A California judge has sentenced an Iraqi immigrant to 26 years-to-life in prison for his wife's fatal beating, which initially drew international condemnation when authorities believed it was a hate crime.
Kassim Alhimidi yelled out in English "I swear I am not guilty!" before his sentencing in San Diego County Superior Court on Monday.
The 50-year-old was given 25-years to life for the killing and an additional year for using a weapon. Prosecutors say it was possibly a tire iron.
Investigators initially believed the killing was a hate crime because of a note found nearby that read: "This is my country, go back to yours, you terrorist."
The killing was condemned by Muslim community leaders in the United States and Iraq before lab tests determined the note was a photocopy.
The sentencing Monday follows an emotional trial. Alhimidi shook his head and wagged his finger when jurors delivered the guilty verdict in April. His oldest son shouted obscenities and proclaimed his father's innocence before several deputies wrestled him out of the courtroom. Another son also shouted in his father's defense, while the victim's mother said in Arabic that Alhimidi deserved worse, according to an official court translator.
"In Iraq, normally if he kills her, he is supposed to be killed in the same way," Rehima Alhussanwi told reporters through the translator after Alhimidi's conviction in April.
The couple's eldest daughter found Alawadi, 32, in a pool of blood on the kitchen floor in March 2012, and she died two days later, suffering from multiple fractures to her head. A note found nearby read: "This is my country, go back to yours, you terrorist," setting off a hate-crime investigation.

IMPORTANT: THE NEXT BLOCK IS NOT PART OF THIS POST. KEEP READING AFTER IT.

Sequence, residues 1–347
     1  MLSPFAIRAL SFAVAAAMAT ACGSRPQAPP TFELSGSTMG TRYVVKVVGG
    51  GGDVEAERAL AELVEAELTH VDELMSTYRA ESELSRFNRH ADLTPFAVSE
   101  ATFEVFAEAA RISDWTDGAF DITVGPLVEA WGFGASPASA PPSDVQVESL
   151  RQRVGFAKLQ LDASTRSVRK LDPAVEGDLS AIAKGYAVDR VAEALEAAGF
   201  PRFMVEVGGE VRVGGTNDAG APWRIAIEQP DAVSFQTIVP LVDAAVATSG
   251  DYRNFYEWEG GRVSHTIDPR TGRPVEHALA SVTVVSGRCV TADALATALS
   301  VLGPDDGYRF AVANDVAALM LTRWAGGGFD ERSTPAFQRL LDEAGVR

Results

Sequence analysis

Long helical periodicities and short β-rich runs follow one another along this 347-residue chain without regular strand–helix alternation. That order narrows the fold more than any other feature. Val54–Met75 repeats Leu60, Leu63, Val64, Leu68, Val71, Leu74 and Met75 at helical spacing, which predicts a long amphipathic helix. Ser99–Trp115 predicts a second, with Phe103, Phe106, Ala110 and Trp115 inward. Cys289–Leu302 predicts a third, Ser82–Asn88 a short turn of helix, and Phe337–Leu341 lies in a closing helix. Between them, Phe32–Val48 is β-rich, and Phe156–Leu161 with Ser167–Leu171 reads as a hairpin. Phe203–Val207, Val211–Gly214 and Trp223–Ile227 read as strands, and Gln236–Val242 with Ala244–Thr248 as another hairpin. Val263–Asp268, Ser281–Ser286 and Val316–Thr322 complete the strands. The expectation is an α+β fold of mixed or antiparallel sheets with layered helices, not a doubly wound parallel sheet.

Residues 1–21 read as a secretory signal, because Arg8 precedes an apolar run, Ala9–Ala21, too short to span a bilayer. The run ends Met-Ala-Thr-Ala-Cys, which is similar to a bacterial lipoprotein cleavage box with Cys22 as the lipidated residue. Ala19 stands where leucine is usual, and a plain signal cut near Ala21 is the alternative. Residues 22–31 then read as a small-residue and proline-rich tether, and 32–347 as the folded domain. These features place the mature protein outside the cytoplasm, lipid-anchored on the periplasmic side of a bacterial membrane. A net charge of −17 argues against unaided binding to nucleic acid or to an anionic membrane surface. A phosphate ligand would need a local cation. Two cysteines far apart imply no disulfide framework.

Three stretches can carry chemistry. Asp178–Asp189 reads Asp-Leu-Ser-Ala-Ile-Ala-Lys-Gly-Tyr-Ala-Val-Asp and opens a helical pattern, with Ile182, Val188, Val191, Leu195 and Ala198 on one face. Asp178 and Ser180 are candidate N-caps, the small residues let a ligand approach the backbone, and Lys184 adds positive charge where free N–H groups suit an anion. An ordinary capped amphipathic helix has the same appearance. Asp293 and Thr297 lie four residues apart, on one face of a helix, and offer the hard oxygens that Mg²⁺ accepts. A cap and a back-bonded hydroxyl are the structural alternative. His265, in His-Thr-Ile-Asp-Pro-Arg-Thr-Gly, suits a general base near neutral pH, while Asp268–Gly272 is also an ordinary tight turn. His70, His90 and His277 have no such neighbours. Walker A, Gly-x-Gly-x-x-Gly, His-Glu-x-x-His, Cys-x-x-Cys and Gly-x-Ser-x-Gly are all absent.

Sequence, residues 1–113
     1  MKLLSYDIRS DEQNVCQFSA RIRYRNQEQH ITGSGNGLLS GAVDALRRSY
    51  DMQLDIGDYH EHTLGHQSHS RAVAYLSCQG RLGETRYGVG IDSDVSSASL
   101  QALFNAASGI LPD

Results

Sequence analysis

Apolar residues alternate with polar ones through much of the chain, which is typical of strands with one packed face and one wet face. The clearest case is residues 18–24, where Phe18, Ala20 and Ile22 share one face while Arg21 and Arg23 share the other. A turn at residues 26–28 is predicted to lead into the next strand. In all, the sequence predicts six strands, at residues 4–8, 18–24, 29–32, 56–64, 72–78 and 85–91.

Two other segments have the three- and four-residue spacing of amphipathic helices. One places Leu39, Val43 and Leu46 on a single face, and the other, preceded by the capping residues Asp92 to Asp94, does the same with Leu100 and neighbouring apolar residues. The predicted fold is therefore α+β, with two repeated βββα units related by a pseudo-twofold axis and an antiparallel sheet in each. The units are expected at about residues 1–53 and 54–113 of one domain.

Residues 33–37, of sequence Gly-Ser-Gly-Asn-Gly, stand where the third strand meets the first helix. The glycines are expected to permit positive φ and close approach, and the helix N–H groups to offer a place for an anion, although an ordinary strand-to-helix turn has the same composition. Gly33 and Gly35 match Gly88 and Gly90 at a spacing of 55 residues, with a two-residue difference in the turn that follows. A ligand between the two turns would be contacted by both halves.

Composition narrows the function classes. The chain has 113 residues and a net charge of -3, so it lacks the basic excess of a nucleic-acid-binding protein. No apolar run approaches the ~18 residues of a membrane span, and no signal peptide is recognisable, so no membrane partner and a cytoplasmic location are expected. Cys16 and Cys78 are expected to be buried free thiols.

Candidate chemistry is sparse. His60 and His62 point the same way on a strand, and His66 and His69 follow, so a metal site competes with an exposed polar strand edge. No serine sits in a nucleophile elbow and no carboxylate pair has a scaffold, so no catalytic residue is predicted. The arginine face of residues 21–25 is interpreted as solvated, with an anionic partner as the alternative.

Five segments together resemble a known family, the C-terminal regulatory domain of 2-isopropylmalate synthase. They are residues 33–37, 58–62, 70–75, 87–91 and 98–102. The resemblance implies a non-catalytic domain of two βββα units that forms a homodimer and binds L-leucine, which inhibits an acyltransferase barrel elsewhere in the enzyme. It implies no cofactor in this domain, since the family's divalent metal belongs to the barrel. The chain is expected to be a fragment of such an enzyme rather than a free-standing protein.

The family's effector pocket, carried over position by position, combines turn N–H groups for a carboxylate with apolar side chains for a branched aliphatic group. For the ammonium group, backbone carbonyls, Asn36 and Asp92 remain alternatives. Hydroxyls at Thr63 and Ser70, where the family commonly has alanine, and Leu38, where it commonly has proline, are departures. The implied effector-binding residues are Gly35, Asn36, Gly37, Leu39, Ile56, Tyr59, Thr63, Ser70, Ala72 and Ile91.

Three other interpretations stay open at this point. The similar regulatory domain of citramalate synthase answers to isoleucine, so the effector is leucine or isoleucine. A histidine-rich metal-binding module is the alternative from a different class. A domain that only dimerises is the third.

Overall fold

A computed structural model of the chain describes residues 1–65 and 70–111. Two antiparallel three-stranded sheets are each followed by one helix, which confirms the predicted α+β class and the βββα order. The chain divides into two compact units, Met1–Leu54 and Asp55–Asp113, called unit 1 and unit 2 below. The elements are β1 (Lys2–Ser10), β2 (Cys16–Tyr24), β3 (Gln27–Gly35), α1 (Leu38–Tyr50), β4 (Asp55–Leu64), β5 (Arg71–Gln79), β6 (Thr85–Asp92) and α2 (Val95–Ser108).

Prosecutors indicated the note may have been planted by Alhimidi to steer the investigation away from him.
They say Alhimidi killed the mother of five because she wanted to divorce him and move to Texas. They argued Alhimidi lied to police about his troubled marriage and apologized to his wife as she lay dying in a hospital.
Defense lawyers said there is no forensic evidence against Alhimidi and that he loved his wife and was not a violent man. They say he also returned from Iraq after burying his wife there when he could have stayed in his homeland and avoided prosecution.
Alhimidi claimed he was not home at the time of the killing and may have been driving the couple's other children to school.
Alhimidi had three daughters and two sons by his wife. The family immigrated to the U.S. in the mid-1990s.
The Associated Press contributed to this report.